When future historians analyze the 2008 election results, they likely will point to the week of Aug. 27 as the time when the course was set inexorably for the Republicans' return to minority party status.
The week started with the Attorney General resigning under a cloud and ended with the senior Senator from Idaho appearing to resign over something he pled guilty to doing in a Minneapolis men's room. Atty. Gen. Alberto Gonzales resigned on Aug. 27, effective Sept. 17. He is being investigated for lying to Congress in connection with the firings of U.S. Attorneys.
On Sept. 1, Sen. Larry Craig announced his ''intention'' to resign, effective Sept. 30, saying he was ''railroaded'' into his earlier admission of guilt. Faced with an accusation of signaling by toe-taps and hand-waves that he was soliciting an undercover police officer for sex, Craig copped a plea to disorderly conduct. When the matter came to light, he held a press conference, denying vehemently that he is gay.
Craig, a leading opponent of gay marriages, became a national joke for his hypocrisy and for the ''ick'' factor of quickies in airport bathrooms. The Craig scandal prompted MSNBC's ''Countdown with Keith Olbermann'' to dub the Republicans the Grand Old Potty.
My favorite political cartoon on the subject, by Tom Toles, ran nationally on Aug. 29. It shows two stalls, one with men's shoes and the other with an elephant's feet - one set of pachyderm toes touch a shoe as the voice behind the elephant's door says: ''I'm merely signaling that it would be wrong for us to get married.''
Republican politicos - with flashbacks to the sex scandal of Rep. Mark Foley, R-Fla., and its effect on the 2006 congressional elections - hastily reassembled Gonzales' gangplank in the vicinity of Craig's Senate desk.
One fellow Republican who came to Craig's defense was Sen. Ted Stevens of Alaska, the target of an investigation regarding financial dealings. The FBI raided Stevens' own home in July. Neither Stevens nor Craig should be confused with Sen. David Vitter of Louisiana, who is the subject of another scandal involving prostitutes, or with other senators with sex or money scandals brewing.
Adding to the perfect storm of the week of Aug. 27 was the second anniversary of Hurricane Katrina, which slammed the Mississippi and Louisiana coasts on Aug. 29, 2005. The failure of the levees and governmental systems that inundated New Orleans and the stories of ongoing devastation and displacement permeated national broadcasts and newspapers all week, reinforcing the reality that something is broken and still needs to be fixed.
On Aug. 31, Karl Rove left his position as Dep. Chief of Staff to George W. Bush, reminding anyone who follows the news that he narrowly escaped the fate of former vice presidential aide Lewis Scooter Libby in the case of the public disclosure of a CIA agent's identify.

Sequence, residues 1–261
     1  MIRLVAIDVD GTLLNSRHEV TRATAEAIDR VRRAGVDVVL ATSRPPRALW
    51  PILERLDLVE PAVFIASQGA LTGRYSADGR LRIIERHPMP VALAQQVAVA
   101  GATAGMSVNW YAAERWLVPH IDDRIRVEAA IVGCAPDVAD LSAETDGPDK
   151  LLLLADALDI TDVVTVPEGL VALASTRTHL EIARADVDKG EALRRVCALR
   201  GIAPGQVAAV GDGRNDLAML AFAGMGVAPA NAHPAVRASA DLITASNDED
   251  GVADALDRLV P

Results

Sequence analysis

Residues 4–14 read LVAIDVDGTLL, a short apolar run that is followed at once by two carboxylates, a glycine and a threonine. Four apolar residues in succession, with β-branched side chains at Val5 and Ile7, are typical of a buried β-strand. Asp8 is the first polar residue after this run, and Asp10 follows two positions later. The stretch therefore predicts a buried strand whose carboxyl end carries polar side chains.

Rove's departure from White House duties will presumably free up his time to activate the Republican base against such national emergency issues as gay marriage in the 2008 elections. Many vote-wranglers of the Christian right, such as Team Abramoff, are presently in jail, indicted or subdued, and someone has to take up the slack.
Jack Abramoff continues to serve up former cohorts while he's serving time in prison. During the GOP week that was, Team Abramoff continued to make news as documents surfaced that detailed ways in which folks on the Hill illegally passed around money and favors, some of it in the name of Native peoples.
The Democrats, for the most part, maintained a disciplined silence, although the Labor Day barbeques in key primary states were filled with more hee-haws than usual.
It's hard to see how the Republicans can keep the White House or prevent the Democrats from gaining even greater margins of control in the Senate and House in the next elections. While there is little that the GOP can do to change that outcome, history has shown that Democrats are perfectly capable of losing all the political marbles without any help from anyone else, so a total Democratic victory is not a foregone conclusion.
What does all this mean for Native peoples? The same thing it means for everyone else, plus this: It's time for tribal leaders to stop taking the legal and political advice of the Abramoffs currently in Indian country. Team Abramoff only got $80-plus million of Indian monies. Others in the same league are getting much more today for similarly poor advice and service.
A good start would be to stop paying anyone who is trying to scare you with the specter of non-Indian labor union manipulators attempting to take over tribal casinos. Don't look now, but non-Indian manipulators are already running a lot of tribal casinos. Sadly, some of them also are trying to run tribal politics.
Even though some Indian people are mega-rich, most Indian people are poor. If they're lucky enough to have a job, they could use a union to stand up for them.
And here's a news flash: many Indian people already are union members - ironworkers, dockworkers, mineworkers, maids, waiters, truckers, bus drivers, federal employees, teachers, actors.
This would be a good time to take a hard look at those who are invested in picking fights and keeping them going with long-time allies of Native peoples, and to ask why.
Suzan Shown Harjo, Cheyenne and Hodulgee Muscogee, is president of the Morning Star Institute in Washington, D.C., and a columnist for Indian Country Today.